Ghana is not only a democratic state; it is also founded on traditional and religious values, regardless of the communities we find ourselves from.
That is why, regardless of where we stand politically, our religious and traditional roots have influence on our political thoughts and actions, except for those who have a pathological disregard for constituted authority.
We believe it is in this spirit that the MP for Asawase, Mohammed Muburak-Muntaka, found it expedient to issue a letter of apology to the Justices of the Supreme Court after scandalising them with bribery allegations in respect of the recent election of the Speaker of Parliament.
Unfortunately, the Muntaka disease afflicts our typical politician, and it shows during serious political calendars like the last voter registration exercise, the Ghana Card registration, political campaign seasons and party primaries.
Unfortunately, it also shows up during crucial events like the 2012 and 2020 election petitions.
It again shows up during solemn ministerial vetting ceremonies, when the supreme interest of the state – not political parties – is what should be considered above everything else.
Without mentioning names, we may cite occasions where leaders holding revered, independent positions have been unruly attacked, when all they were doing was putting Ghana first.
Unfortunately, such victims have included our eminent Ashantehene, Speakers of Parliament, National Peace Council leaders and, now, our eminent Supreme Court Law Lords and Ladies.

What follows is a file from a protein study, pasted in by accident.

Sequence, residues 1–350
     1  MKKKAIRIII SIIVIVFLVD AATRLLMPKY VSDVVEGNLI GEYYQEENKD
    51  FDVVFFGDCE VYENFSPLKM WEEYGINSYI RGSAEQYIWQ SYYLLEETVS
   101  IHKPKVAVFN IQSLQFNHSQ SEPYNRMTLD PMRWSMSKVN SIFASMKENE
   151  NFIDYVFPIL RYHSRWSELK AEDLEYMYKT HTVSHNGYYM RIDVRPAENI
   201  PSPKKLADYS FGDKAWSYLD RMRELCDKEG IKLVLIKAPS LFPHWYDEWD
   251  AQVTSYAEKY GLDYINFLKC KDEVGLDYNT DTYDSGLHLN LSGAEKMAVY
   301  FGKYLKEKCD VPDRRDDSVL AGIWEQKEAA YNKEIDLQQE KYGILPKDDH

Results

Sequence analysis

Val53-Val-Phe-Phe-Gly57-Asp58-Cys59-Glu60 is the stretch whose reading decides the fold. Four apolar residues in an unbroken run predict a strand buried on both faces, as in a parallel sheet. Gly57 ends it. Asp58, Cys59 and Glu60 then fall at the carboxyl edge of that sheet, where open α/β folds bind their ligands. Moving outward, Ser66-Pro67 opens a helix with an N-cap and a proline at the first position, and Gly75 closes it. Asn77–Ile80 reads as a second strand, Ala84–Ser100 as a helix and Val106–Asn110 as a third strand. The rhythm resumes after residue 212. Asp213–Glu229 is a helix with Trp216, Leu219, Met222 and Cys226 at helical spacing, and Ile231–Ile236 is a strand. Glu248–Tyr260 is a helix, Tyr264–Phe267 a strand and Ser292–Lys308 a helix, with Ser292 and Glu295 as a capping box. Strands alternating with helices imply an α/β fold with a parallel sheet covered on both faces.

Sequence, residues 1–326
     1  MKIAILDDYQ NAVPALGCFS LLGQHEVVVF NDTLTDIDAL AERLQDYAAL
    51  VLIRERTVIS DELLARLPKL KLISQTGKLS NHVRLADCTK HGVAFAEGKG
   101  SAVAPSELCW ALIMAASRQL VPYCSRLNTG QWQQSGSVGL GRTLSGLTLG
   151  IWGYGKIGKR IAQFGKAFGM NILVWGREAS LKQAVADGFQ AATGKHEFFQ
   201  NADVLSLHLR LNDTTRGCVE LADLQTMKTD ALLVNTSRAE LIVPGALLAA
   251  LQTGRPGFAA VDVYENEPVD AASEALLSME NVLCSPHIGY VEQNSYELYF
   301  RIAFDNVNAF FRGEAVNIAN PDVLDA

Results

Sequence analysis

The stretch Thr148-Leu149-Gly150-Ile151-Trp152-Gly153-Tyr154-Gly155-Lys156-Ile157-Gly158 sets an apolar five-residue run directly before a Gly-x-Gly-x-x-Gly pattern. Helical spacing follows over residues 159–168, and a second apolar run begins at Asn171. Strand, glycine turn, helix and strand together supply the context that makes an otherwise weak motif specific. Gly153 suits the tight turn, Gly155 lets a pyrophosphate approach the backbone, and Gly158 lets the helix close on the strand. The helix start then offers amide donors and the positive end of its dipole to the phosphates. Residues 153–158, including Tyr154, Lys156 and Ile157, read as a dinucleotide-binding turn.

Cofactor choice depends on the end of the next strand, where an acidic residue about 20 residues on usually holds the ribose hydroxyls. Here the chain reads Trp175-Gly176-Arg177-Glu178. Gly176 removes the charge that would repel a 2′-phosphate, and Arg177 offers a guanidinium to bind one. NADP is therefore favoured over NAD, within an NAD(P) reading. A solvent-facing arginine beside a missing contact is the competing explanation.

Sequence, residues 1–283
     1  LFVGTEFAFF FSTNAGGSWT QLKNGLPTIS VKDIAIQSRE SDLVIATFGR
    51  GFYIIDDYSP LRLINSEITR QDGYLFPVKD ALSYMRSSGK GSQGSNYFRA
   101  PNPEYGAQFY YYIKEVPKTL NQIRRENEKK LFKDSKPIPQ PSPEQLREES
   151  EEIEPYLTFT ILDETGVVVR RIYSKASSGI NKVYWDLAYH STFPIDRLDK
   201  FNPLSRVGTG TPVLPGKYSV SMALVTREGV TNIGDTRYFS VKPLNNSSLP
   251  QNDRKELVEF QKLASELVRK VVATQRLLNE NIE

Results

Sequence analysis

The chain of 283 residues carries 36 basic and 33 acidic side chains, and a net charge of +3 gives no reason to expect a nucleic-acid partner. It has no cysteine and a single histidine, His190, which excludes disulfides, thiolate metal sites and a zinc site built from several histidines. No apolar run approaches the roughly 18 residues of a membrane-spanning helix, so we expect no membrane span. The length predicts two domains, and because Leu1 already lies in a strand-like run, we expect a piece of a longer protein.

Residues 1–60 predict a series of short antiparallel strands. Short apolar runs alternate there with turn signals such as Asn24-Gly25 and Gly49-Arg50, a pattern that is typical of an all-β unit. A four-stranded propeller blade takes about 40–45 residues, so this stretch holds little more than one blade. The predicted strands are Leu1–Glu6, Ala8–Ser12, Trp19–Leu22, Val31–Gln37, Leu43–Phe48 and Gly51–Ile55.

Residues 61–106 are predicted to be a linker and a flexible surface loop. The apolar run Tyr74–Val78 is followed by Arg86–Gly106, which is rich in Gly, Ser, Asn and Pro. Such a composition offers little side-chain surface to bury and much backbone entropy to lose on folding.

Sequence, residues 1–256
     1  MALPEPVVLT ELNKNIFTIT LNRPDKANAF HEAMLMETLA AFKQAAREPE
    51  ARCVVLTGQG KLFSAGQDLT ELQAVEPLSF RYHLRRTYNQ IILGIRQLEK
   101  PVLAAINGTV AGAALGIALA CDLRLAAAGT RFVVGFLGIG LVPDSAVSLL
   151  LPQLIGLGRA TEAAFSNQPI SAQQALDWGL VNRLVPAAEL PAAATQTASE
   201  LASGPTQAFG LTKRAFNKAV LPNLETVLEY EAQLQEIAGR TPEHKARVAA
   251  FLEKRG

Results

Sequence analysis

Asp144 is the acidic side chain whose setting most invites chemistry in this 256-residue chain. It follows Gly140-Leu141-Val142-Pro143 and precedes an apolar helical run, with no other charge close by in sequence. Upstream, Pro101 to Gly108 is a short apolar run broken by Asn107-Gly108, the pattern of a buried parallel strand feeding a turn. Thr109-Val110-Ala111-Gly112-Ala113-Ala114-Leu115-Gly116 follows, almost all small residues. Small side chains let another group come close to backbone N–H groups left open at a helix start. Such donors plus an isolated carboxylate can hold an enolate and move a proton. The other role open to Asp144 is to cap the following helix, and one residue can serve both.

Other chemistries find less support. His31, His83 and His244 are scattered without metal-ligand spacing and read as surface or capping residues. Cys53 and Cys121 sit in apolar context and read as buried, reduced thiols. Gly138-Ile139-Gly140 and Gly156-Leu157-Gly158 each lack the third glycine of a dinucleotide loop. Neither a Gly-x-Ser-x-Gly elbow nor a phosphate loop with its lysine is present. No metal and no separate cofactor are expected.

Again, intriguingly, some of the perpetrators have been half-literate graduates hoping to catch the eyes of their equally warped chieftains who hide in the dark and goad these misled youth on in their acts of mischief.
Letter of apology
While in certain paragraphs of the letter the MP needlessly attempts to explain the inexplicable, the consensus generally is that he has been realistic with the issues and been bold to admit that he was wrong and had been misled by peer political pressure.
As a Muslim and as son of a Zongo community, he has been taught to respect elders and that, we believe, may be more the reason for his decision to move away from his initial pig-headed stance to a moderate and honourable position.
The long and short of the story is that he has apologized and, in that, he has endeared himself to the electorate. At least, he has admitted that taking our political theatrics and clowning to our Supreme Court Justices is like dipping your finger into your Zongo community chief or Makaranta teacher.
Particularly in Muslim communities in the Sahel, it could attract lashes or a more violent punishment under their Sharia Law.
While we commend the MP for the courage to act in line with his conscience, rather than the credo of his party’s madding crowd, we would urge all politicians, regardless of their philosophy and colour, to lead in showing respect to constituted authority.
This is because the ‘nonsense’ about democracy being jaw-jaw per se, regardless of the issues and layers of authority, is not founded on any credible and civilized body of laws and statutes anywhere in this world – not even the civilisations we borrowed our tenets of constitutional rule and democracy from.
It is time, therefore, for party delegates, communicators, MPs, media personnel and, more importantly, party chieftains to show some respect to all those who matter as they ply their fleeting vocation.